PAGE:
ACVOW has been literally a lifesaver for so many veterans. Its staff members are available to speak, one-on-one, with military personnel and family members to help individuals cope with battlefield related stress. If you or anyone you know exhibits any of the characteristics below, call ACVOW at 858-552-7501:
  • Depression
  • Isolation
  • Rage
  • Alienation: Avoidance of Feelings
  • Survival Guilt
  • Anxiety Reactions
  • Intrusive Thoughts
  • Recurrent, re-experiencing of the trauma
  • Avoidance to the point of having a phobia of places, people, and experiences.
  • Chronic physical signs of hyper-arousal, including sleep problems, trouble concentrating, irritability, anger, poor concentration, blackouts or difficulty remembering things, increased tendency and reaction to being startled, and hyper-vigilance to threat.
ACVOW Locations:

HQ and National Training Center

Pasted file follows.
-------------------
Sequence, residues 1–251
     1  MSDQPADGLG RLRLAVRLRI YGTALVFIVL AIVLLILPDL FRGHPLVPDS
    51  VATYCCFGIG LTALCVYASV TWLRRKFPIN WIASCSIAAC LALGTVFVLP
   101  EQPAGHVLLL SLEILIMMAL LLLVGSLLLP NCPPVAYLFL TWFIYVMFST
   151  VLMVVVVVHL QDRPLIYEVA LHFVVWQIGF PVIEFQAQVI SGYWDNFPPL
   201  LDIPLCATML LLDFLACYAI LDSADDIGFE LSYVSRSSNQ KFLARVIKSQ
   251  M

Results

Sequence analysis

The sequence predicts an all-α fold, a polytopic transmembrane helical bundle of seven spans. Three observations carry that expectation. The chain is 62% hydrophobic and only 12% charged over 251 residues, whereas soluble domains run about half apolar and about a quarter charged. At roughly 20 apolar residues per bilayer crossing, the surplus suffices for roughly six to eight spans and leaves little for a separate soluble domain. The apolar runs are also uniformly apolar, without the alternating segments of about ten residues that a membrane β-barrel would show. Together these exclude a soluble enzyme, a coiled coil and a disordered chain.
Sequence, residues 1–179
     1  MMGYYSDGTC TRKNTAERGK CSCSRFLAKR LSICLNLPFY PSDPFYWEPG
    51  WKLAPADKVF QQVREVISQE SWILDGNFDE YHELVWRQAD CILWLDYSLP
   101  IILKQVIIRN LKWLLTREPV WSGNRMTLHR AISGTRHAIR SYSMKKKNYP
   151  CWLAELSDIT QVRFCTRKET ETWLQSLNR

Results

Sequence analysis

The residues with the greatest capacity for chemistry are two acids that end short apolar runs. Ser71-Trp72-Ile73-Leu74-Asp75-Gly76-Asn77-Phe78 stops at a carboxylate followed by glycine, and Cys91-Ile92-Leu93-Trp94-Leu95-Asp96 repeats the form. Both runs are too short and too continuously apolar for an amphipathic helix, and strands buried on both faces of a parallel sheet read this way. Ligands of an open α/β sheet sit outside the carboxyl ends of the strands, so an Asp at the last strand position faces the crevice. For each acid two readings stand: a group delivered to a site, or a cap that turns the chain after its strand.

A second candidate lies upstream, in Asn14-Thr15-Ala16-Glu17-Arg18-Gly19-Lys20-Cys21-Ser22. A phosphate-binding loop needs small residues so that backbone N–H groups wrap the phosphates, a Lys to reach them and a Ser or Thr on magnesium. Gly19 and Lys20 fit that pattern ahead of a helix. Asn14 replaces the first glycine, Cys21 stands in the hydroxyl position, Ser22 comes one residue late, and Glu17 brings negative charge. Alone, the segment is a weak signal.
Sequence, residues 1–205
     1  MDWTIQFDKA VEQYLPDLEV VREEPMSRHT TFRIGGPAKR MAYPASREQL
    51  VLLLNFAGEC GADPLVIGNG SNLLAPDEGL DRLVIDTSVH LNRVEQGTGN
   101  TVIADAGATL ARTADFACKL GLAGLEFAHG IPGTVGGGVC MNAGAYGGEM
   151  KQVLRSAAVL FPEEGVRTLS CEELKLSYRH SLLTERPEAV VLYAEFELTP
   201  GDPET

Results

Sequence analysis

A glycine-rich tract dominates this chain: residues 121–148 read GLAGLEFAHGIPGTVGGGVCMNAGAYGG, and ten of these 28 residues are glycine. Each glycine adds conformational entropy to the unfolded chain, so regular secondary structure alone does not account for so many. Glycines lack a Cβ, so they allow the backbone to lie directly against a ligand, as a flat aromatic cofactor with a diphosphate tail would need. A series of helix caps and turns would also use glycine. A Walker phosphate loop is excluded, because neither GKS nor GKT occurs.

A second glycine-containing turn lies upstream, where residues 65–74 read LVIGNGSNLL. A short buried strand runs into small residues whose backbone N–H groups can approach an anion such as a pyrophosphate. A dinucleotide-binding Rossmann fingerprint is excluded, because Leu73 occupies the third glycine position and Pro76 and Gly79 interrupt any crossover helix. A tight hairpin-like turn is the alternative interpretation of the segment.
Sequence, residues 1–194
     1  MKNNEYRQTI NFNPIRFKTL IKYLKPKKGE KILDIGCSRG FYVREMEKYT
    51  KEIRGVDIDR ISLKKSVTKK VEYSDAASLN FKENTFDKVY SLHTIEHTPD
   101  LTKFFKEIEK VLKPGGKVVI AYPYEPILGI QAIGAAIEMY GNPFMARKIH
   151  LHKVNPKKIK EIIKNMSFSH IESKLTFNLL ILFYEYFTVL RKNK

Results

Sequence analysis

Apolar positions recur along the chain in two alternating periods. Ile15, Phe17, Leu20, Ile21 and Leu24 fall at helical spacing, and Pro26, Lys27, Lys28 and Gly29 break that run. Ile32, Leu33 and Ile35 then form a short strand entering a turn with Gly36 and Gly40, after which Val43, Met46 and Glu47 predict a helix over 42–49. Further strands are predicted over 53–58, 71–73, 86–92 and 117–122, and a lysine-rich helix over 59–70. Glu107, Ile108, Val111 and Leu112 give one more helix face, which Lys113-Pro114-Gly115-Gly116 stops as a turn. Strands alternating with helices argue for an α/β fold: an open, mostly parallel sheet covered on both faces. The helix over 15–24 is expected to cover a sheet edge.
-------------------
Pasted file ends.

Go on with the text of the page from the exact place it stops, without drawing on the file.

3508 Seagate Way, Suite160
Oceanside, California 92056
(760) 696-0460

La Jolla VA
Veterans Affairs Healthcare System
3350 La Jolla Village Drive, Room 1580
San Diego, California 92126
(858) 552-7501

Camp Pendleton
Marine Corps Family Services
BAS, 2/4 Marine Reg.
62330 7th St, San Mateo
Camp Pendleton, California 92055
(760) 889-1515

ACVOW staff members also speak on behalf of military personnel and veterans through regular speaking engagements and media appearances. To book an ACVOW speaker for your organization, please email Bill Rider at wrider@acvow.org.

Friday, October 26, 2012

TED TURNER'S OFFENSIVE REMARK: A TEACHABLE MOMENT FOR AMERICA?


Ted Turner, billionaire blowhard
Leave it to former media mogul Ted Turner, founder of CNN, to not only put his foot in his mouth, but to bring people of virtually all political persuasions together to help push that foot down his throat.